Even with that, I do get a few disappointing moments.
I recently had to ask my mom what my daughter said, all because I couldn't see her lips. Because of her really, really loud voice, it's sometimes hard for me to pick out what she says. My hearing isn't good enough for me to make out what she says without having her facing me.
I know my 3 year old is a lovely character, and I try not to miss out anything. But there are occasional moments when I do miss the cute things she says. Like the time when she was pretending to be the Wicked Witch, turning the princess into a frog when my aunt and uncle were here at the end of February.
While anyone else would be understanding of that situation, as a mommy, it feels a little bit of a sad point. I know I'll miss some (but not all) things.
It could be a lot worse, I agree!
Then, this morning during breakfast my husband mentioned that Jeff Dunham (a comedic ventriloquist) had a new routine, and was coming to town this month! See the following link for one of his most famous routines. We're big fans of Jeff Dunham because he can take on multiple personas all the while not even moving his lips. Trust me, we've tried to lipread him!
|Fans since 2011!|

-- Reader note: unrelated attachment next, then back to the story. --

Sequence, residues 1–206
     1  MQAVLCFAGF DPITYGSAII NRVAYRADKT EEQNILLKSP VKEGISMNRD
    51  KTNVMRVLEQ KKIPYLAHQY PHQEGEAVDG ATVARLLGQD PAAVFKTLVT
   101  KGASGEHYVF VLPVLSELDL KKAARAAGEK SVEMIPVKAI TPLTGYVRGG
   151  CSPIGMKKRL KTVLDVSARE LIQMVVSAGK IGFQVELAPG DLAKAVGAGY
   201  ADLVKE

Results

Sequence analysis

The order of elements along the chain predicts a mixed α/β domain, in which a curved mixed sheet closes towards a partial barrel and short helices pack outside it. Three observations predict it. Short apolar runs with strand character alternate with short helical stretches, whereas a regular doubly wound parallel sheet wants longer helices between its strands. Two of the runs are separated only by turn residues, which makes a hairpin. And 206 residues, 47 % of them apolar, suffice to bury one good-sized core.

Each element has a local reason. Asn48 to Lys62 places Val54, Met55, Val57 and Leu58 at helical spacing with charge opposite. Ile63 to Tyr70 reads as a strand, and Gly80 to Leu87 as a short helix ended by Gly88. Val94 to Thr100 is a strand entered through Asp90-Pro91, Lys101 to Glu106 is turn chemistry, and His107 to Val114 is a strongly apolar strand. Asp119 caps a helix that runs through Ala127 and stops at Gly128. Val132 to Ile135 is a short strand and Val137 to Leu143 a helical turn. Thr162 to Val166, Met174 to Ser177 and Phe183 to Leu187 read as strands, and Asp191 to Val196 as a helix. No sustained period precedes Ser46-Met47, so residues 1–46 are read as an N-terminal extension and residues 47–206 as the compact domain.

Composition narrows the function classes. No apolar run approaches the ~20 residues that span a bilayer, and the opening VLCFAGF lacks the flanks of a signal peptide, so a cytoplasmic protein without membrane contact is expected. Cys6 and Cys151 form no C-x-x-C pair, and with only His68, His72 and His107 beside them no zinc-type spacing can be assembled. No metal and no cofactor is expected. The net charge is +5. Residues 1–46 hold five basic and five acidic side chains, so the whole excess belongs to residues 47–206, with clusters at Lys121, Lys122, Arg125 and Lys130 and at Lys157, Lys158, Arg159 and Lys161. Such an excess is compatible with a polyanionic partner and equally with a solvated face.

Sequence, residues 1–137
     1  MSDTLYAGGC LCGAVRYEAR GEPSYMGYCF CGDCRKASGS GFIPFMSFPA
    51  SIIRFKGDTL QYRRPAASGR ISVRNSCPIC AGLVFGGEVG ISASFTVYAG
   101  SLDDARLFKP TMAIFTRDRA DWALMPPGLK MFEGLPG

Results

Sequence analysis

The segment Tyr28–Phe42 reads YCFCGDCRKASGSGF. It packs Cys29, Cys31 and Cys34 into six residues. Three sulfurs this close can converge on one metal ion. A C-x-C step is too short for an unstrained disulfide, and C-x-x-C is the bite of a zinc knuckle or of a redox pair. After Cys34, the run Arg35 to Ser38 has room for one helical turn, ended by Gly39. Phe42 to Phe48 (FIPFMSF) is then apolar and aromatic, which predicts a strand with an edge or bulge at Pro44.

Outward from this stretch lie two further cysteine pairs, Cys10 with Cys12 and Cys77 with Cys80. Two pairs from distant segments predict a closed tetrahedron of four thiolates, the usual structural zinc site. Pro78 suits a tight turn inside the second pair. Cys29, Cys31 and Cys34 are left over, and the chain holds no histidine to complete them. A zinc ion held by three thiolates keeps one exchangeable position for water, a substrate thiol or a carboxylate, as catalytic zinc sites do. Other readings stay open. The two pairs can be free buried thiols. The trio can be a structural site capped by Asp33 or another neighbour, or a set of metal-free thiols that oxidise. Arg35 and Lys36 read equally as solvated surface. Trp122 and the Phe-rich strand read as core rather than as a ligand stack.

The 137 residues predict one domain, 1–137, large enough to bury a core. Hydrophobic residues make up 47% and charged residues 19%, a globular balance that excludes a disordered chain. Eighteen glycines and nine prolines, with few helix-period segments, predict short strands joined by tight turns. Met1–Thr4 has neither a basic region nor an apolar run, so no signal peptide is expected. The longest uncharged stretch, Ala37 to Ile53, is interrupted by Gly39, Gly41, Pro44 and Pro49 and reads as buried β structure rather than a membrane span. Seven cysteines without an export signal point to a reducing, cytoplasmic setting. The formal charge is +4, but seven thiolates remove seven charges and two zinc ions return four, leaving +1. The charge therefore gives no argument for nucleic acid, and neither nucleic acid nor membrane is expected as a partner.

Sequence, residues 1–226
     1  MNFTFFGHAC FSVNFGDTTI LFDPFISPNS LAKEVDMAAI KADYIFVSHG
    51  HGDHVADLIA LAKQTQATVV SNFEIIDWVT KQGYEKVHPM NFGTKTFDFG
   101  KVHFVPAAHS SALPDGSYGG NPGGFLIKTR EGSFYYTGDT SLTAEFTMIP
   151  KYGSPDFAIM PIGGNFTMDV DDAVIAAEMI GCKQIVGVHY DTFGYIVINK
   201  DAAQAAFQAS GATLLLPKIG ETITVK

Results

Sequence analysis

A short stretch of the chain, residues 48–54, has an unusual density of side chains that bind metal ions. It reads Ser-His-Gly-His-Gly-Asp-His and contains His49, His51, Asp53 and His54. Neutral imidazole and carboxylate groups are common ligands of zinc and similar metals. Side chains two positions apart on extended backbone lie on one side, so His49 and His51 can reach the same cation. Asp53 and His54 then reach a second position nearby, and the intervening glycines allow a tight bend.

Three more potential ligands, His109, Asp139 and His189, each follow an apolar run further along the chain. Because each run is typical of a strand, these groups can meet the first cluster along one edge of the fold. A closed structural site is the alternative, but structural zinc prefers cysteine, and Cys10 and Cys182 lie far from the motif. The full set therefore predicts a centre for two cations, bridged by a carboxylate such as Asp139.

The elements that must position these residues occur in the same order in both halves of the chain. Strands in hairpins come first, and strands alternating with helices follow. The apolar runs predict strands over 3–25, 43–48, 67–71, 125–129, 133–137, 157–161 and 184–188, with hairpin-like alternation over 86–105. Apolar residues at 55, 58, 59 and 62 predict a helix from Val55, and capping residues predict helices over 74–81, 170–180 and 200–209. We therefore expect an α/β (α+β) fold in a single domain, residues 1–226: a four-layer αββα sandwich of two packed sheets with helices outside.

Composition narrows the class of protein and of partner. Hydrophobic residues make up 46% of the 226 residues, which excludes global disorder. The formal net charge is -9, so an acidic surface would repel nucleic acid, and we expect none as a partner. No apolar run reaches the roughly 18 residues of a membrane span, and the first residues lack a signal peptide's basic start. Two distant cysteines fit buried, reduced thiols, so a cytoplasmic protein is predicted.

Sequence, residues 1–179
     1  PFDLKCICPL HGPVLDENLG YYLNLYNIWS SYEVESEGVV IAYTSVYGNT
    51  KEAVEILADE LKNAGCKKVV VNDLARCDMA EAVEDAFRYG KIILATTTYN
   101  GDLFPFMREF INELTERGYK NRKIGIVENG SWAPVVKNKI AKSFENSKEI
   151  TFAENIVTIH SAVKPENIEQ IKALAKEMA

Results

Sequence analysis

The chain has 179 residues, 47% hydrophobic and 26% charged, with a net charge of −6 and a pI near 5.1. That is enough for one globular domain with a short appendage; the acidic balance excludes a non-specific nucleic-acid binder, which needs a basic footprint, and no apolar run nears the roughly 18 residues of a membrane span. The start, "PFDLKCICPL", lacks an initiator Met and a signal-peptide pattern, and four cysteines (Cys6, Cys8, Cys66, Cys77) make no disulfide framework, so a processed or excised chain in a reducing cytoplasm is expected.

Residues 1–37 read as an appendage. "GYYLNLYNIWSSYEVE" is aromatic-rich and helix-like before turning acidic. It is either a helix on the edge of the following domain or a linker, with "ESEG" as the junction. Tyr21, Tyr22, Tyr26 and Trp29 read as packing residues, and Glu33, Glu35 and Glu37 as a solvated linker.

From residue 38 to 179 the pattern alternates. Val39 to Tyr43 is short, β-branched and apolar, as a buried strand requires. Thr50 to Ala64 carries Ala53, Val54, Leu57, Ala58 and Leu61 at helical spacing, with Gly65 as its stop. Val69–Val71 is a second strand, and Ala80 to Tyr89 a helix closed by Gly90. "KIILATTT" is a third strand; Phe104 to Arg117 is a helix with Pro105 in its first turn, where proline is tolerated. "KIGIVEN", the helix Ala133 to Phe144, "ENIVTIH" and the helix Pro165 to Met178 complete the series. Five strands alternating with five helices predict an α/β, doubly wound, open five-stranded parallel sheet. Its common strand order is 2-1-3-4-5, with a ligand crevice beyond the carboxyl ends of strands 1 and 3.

Unfortunately as hard of hearing people, it would be near impossible for us to follow his routine. Even though in quiet settings, we can hear what is being said - but in a theatre full of people laughing, it's easy to miss out on the punch line. We like the theatre, and have been to several shows, such as It's a Wonderful Life; The Lion King; The Wizard of Oz; and more. It's easier for us to attend shows where we have background knowledge of, rather than going to a show where we've got no clue as to what to expect.
Cues are important to hard of hearing people! It helps us put our brains and listening in the right context! Unclear context = a scrambled message.
Thankfully most comedy routines are video taped and captioned very well. It would be a pain to drag a captionist (or a palantypist) to a comedy routine! To add to that: we'd have to shell out a minimum of $100 per person to see the live show.
All I can say is thank God we have captioning so we can enjoy jokes. What would life be like if we were never exposed to humour?
|This happened at our wedding! (Thanks to an auntie who snapped this at the appropriate time)|